Wednesday, July 8, 2009

Vuillier and the Triple Crown

Before they proved they were top-class runners, the pedigrees of the three winners of America's 2009 Triple Crown races would not have been described as fashionable. Indeed, Mine That Bird famously sold for only $9,500 as a yearling, while neither Rachel Alexandra or Summer Bird were offered at public auction.
Fashion be damned. As shown by the data below (please forgive my ignorance of how to make the columns come out neatly in HTML code), their pedigrees are actually well within the norm of contemporary top-class pedigrees.

Archetype Mine That Bird Rachel Alexandra Summer Bird
Blue Larkspur(100) 56 88 104
Bold Ruler(157) 128 128 128
Buckpasser(108) 32 0 160
Hail to Reason(94) 0 256 0
*Mahmoud(118) 104 168 152
Man o' War(116) 108 132 168
Mr. Prospector(256)640 256 128
*Nasrullah(243) 240 144 208
Native Dancer(199)352 224 256
Nearco(279) 280 280 288
Northern Dancer(296) 512 512 640
Phalaris(178) 170 218 164
Plucky Liege(118) 111 148 125
*Princequillo(151) 144 160 192
*Ribot(75) 0 192 0
Seattle Slew(120) 0 0 0
War Admiral(85) 60 56 136

The data presented above are based on research by the author on a new implementation of the Vuillier dosage system published in the December 13, 2008 issue of Thoroughbred Times. The dosage numbers in parentheses represent the average genetic contribution of the archetypes listed to the pedigrees of the winners of the most important races in America since the institution of the Breeders' Cup in 1984. (You can read the article by clicking on the link titled “A new understanding of Vuillier dosage” on the right hand side of the page.) The numbers in the three unfortunately jagged columns are the dosages of the same archetypes in the pedigrees of Mine That Bird, Rachel Alexandra and Summer Bird.
The archetypes chosen for display here are actually the ones that produce the most varied dosages among these three pedigrees—their pedigrees are virtually identical on the other most significant influences on contemporary pedigrees. Indeed they are close to identical on a few of the archetypes included here as examples, like Bold Ruler, Nearco and Seattle Slew.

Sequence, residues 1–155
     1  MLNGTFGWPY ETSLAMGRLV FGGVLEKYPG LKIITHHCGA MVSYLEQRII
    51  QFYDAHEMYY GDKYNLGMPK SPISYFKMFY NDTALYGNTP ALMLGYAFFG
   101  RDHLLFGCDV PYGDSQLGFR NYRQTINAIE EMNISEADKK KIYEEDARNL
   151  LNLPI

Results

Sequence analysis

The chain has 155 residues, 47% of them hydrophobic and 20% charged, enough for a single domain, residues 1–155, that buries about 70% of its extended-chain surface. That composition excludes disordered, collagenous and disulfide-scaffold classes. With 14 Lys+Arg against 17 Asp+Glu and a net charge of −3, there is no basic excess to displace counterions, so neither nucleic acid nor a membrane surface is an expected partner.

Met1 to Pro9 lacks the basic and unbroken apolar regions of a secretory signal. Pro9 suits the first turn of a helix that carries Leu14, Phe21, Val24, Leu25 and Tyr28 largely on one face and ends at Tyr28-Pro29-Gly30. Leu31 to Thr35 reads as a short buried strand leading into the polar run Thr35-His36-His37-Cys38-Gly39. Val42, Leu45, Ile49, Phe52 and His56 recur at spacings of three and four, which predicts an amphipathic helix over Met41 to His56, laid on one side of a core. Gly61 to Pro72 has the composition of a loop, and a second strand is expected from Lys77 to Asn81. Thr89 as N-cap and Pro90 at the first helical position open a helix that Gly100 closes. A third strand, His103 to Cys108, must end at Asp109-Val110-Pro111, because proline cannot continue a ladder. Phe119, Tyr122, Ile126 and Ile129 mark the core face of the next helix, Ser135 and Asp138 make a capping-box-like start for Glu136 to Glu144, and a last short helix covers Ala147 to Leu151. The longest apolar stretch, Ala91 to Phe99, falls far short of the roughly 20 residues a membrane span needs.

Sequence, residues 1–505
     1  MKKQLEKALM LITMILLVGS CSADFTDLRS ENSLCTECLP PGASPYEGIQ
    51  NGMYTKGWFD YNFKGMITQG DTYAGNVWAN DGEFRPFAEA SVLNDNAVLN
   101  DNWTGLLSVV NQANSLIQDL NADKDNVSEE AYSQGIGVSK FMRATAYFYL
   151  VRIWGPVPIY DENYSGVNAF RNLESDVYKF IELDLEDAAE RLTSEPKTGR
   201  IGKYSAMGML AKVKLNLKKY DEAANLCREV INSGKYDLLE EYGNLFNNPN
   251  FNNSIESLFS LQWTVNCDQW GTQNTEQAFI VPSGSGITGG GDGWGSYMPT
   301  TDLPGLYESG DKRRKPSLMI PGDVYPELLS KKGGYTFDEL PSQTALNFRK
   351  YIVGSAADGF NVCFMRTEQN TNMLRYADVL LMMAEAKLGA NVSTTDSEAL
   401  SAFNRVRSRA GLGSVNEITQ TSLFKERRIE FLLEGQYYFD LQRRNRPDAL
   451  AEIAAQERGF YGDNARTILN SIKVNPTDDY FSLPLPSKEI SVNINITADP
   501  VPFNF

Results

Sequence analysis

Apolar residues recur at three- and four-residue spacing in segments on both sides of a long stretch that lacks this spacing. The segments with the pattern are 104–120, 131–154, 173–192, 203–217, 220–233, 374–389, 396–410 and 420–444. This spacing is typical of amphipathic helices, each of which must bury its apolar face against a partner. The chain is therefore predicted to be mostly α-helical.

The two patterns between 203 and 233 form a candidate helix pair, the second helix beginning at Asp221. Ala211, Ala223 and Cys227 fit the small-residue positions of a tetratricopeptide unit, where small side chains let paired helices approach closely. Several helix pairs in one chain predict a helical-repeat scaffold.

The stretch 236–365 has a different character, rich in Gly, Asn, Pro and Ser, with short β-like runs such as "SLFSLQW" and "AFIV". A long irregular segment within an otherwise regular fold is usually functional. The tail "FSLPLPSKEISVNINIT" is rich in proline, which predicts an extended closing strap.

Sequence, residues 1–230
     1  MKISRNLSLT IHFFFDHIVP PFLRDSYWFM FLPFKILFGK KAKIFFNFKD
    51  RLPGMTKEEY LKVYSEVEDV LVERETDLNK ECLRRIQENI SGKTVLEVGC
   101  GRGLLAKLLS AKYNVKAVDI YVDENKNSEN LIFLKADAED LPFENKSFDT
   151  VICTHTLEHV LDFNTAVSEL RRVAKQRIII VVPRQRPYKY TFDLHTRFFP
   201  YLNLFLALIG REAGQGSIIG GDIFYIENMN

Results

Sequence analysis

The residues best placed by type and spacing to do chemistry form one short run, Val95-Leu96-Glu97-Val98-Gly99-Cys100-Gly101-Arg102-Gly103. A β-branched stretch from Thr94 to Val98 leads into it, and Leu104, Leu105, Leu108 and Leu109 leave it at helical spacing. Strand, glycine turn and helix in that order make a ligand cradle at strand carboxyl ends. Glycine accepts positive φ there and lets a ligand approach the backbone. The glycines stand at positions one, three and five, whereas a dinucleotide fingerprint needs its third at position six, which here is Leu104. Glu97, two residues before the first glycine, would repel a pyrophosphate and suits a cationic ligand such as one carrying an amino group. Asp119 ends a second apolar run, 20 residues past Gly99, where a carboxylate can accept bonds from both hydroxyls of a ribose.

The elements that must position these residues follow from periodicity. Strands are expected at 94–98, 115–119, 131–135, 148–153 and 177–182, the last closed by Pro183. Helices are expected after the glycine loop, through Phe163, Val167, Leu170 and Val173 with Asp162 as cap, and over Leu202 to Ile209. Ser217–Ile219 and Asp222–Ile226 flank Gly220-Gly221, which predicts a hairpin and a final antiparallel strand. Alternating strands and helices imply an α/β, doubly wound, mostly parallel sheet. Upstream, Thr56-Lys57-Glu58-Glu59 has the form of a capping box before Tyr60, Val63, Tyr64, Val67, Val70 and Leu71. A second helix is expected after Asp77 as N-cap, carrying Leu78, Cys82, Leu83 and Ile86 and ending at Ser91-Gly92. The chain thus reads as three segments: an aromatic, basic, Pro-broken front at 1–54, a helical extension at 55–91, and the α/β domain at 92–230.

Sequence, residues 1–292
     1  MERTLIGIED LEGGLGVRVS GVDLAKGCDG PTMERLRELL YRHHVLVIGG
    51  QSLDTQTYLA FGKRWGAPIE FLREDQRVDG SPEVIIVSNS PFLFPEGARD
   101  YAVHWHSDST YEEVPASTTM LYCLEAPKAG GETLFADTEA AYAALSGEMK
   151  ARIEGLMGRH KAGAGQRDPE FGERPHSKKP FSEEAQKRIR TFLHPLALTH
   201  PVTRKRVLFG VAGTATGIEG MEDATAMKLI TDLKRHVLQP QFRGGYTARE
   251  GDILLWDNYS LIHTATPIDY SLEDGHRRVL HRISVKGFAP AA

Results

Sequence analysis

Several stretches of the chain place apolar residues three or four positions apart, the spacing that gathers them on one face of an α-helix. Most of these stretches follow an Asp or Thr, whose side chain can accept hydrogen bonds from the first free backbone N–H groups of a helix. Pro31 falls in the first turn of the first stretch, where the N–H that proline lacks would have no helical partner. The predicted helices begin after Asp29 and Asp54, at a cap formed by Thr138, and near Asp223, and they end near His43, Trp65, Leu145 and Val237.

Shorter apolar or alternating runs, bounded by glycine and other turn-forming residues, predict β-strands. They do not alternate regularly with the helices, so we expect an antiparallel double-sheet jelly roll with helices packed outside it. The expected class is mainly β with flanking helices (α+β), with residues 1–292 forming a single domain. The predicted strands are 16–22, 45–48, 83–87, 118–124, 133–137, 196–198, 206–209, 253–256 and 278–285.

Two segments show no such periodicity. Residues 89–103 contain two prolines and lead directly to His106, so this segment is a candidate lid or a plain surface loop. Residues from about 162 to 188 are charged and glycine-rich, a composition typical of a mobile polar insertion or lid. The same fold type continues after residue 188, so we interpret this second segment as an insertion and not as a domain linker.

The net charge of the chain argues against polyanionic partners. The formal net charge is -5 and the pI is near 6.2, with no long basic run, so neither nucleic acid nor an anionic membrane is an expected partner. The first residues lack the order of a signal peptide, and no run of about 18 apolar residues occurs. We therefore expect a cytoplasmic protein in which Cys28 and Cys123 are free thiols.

Naturally the widest variations in dosage are on the youngest archetypes listed, like Buckpasser, Hail to Reason, Mr. Prospector, Northern Dancer, *Ribot and Seattle Slew. That is the way pedigrees work. The genetic influence of the most significant sires and dams gradually stabilizes as time passes and their names recede further into the background of pedigrees.
The Vuillier system, though, gives a holistic view of pedigrees and offers tremendous insight into the direction one should take with matings.
For example, the pedigrees of Rachel Alexandra and Summer Bird are complementary in many ways. Rachel is above the norm in Hail to Reason, *Mahmoud, Phalaris, Plucky Liege and *Ribot, while Summer Bird is either below the norm or at least lower than Rachel in all five of those influences. Conversely, Summer Bird is high in Blue Larkspur, Buckpasser, Man o' War and *Princequillo, while Rachel's pedigree is less saturated with those powerful influences.
In a conventional pedigree presentation, it is easy to see that both Rachel Alexandra and Summer Bird have plenty of Northern Dancer and Mr. Prospector in their pedigrees, but it is simply impossible to see the imbalances in more distant but still vitally important ancestors. The Vuillier system makes those imbalances obvious.
The Vuillier system is based on the assumption that a mating that produces a pedigree more similar to the pedigree of the winners of the best races is more likely to produce another winner of those same races than one that does not. Indeed that is the same assumption behind other popular mating systems like nicking and even biomechanics (in an indirect way).
That is the beauty of the Vuillier system, and the implementation I devised with the help of Simon Morris at TesioPower and described in the linked article. It provides the ultimate in flexibility in applying those insights.

1 comment:

  1. Ann Clemmens FerlandAugust 16, 2009 at 4:22 PM

    A system like the Vulliers or Varola methods was always going to be more relavent than the Roman method with its emphasis on only the first few generations and use of active stallions whose full importance and/or style of influence is not yet known. The horses on your list certainly do conform to the 'breed-changing' description of 'chefs-de-race', however I fear it would be of use only for North American-blooded horses. Of course, you probably didn't intend it for any other population, just as Vulliers' analysis was intended only for the contemporary British/Irish breeding population.